War of the Rebellion: Serial 023 Page 0309 Chapter XXVIII. CORRESPONDENCE, ETC. - UNION.

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WAR DEPARTMENT,

Washington, August 11, 1862.

Brigadier-General BOYLE,

Louisville, Ky.:

That part of Kentucky west of the Tennessee River is under the command of Major-General Grant. You will exercise no authority there.

H. W. HALLECK,

General-in-Chief.

WASHINGTON, D. C., August 11, 1862.

Brigadier-General QUINBY,

Columbus, Ky.:

General Boyle has no authority to give your orders, and you will not recognize his authority.

H. W. HALLECK,

General-in-Chief.

WASHINGTON, D. C., August 11, 1862.

Gov. DAVID TOD,

Columbus, Ohio:

I am directed by the Secretary of War to say that General Boyle is not authorized to make any requisition on you for troops.

H. W. HALLECK,

General-in-Chief.

LOUISVILLE, KY., August 11, 1862-10.10 p.m.

Major-General HALLECK:

GENERAL: I have just received dispatch from Governor Tod that he is ordered not to send troops into Kentucky without your special order. General Buell telegraphed Governor Morton and Governor Tod to send me troops. General Morgan asked me to re-enforce Richmond and London to protect his rear and his trains. I have no force to do this unless supplied. General Nelson, at McMinnville, through General Wood, telegraphs that the rebel Morgan left Sparta on the 9th instant with 1,800 cavalry and four pieces of artillery for Kentucky. I have no adequate force to whip or catch the rascal until the new cavalry are mounted and armed. Governor Morton promised to send four regiments this week. I have no doubt [J. H.] Morgan's purpose is to make the raid. If the rebels have the 15,000 in front of General [George W.] Morgan and the 60,000 at Knoxville, as stated in his dispatch to the Secretary of War, many troops would be needed in Kentucky.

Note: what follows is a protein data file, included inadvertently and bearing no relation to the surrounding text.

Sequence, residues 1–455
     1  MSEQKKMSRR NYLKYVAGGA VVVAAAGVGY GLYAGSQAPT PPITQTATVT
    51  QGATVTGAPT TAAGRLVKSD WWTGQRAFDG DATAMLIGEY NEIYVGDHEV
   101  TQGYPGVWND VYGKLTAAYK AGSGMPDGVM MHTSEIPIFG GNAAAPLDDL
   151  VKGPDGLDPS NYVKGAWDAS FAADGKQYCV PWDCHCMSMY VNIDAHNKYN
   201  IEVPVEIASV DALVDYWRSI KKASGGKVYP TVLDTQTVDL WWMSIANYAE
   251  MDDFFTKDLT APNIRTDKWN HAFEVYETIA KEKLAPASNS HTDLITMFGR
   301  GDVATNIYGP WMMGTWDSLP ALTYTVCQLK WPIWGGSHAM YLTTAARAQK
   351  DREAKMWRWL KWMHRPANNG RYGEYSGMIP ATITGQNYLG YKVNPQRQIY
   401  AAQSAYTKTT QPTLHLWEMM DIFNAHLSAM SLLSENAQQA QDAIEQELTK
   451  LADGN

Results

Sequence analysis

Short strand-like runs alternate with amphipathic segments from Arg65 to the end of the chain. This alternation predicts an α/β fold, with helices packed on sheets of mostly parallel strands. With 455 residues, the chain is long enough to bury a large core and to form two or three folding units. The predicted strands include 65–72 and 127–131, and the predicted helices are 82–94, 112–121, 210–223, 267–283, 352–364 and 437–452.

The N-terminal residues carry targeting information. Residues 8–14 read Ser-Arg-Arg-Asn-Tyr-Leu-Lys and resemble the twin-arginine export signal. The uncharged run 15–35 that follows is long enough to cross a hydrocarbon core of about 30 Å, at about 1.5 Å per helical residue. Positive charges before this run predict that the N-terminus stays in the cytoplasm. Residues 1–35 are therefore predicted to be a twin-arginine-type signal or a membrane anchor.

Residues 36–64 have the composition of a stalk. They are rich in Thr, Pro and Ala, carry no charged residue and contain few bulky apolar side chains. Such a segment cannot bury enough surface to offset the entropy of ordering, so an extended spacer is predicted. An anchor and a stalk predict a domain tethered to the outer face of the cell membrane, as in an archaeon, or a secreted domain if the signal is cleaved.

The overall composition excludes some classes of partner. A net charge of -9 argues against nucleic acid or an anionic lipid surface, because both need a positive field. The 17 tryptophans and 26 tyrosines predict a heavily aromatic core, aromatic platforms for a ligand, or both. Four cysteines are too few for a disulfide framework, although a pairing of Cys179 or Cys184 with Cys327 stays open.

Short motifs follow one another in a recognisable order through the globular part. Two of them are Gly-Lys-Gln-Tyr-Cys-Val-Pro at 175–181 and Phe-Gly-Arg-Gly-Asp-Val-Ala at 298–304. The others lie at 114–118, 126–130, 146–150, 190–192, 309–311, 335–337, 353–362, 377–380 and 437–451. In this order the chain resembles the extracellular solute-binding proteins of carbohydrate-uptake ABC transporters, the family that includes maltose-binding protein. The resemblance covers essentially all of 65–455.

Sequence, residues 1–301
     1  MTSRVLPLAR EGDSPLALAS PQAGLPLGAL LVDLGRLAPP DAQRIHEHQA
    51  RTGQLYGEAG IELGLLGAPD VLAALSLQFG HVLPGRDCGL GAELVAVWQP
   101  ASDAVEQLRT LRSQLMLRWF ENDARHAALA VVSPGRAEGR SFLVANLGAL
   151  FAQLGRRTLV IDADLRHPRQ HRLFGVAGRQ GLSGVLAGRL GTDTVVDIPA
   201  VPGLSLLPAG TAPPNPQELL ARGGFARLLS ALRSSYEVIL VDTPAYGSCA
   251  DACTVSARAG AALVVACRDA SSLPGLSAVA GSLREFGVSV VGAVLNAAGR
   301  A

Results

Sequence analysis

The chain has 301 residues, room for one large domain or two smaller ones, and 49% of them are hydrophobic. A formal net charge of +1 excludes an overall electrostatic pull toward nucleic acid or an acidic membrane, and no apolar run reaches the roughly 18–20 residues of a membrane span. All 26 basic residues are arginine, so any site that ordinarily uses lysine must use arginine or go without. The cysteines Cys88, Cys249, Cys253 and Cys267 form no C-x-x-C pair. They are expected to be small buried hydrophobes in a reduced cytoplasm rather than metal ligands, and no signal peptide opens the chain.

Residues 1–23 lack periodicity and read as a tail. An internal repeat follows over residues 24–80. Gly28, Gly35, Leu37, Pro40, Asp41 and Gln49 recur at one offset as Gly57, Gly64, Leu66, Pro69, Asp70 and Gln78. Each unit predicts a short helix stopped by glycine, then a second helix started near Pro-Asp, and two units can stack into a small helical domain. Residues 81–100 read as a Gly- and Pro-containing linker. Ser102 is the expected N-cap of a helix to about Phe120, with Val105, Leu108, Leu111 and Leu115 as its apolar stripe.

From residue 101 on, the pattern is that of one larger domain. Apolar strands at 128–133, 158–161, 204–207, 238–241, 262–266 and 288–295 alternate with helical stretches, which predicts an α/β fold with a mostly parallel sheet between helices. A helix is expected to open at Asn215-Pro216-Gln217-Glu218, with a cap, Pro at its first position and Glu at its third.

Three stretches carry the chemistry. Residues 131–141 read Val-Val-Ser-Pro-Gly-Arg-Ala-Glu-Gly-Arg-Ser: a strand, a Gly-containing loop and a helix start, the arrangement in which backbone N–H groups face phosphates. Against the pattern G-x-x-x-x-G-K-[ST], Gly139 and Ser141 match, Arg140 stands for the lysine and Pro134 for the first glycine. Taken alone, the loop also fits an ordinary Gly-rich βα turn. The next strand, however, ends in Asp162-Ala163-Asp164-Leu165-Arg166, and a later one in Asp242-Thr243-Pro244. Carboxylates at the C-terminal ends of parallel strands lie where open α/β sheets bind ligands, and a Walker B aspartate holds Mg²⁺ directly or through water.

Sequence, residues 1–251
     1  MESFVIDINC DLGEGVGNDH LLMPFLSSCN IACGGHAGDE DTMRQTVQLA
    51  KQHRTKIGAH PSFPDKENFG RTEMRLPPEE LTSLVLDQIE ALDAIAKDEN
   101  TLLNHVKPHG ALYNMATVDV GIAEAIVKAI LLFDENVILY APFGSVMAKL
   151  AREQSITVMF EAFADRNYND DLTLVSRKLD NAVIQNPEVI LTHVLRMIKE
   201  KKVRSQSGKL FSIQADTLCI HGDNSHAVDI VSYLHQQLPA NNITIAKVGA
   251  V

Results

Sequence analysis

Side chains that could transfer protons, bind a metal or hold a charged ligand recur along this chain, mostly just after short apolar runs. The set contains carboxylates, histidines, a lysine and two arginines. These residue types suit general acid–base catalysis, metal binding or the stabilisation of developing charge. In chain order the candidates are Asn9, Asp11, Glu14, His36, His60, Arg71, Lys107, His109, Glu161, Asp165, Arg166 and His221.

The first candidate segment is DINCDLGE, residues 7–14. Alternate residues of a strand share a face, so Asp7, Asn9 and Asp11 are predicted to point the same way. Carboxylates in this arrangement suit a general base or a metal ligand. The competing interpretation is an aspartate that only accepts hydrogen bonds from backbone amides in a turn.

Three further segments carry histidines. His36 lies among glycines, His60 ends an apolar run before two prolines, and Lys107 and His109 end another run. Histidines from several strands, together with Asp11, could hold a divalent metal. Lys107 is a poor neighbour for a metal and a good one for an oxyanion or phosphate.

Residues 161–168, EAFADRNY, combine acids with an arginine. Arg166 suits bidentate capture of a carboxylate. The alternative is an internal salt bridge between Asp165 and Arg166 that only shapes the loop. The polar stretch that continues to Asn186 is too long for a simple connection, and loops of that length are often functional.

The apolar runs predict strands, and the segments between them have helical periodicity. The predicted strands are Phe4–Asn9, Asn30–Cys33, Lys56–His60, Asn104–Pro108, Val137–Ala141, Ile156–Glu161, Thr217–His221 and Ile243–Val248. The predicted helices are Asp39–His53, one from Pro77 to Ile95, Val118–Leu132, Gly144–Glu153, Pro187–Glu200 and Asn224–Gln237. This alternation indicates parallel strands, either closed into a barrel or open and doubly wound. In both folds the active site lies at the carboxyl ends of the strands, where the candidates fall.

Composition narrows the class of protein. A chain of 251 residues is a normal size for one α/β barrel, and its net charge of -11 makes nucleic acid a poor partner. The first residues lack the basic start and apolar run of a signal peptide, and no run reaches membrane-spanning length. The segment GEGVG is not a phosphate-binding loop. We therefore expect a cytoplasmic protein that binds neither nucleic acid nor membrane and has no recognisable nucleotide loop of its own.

J. T. BOYLE,

Brigadier-General, Commanding.

ROSECRANS' HEADQUARTERS,

Near Corinth, Miss., August 11, 1862-3 p.m.

Major-General HALLECK,

General-in-Chief:

Went to Tuscumbia yesterday. The Tennessee Valley, for 70 miles long and from 5 to 7 wide, is one immense corn field. The rebels are not in force on that line, but there is active cavalry force opposite Courtland. A spy, sent from here to Tupelo and Grenada, just in, confirms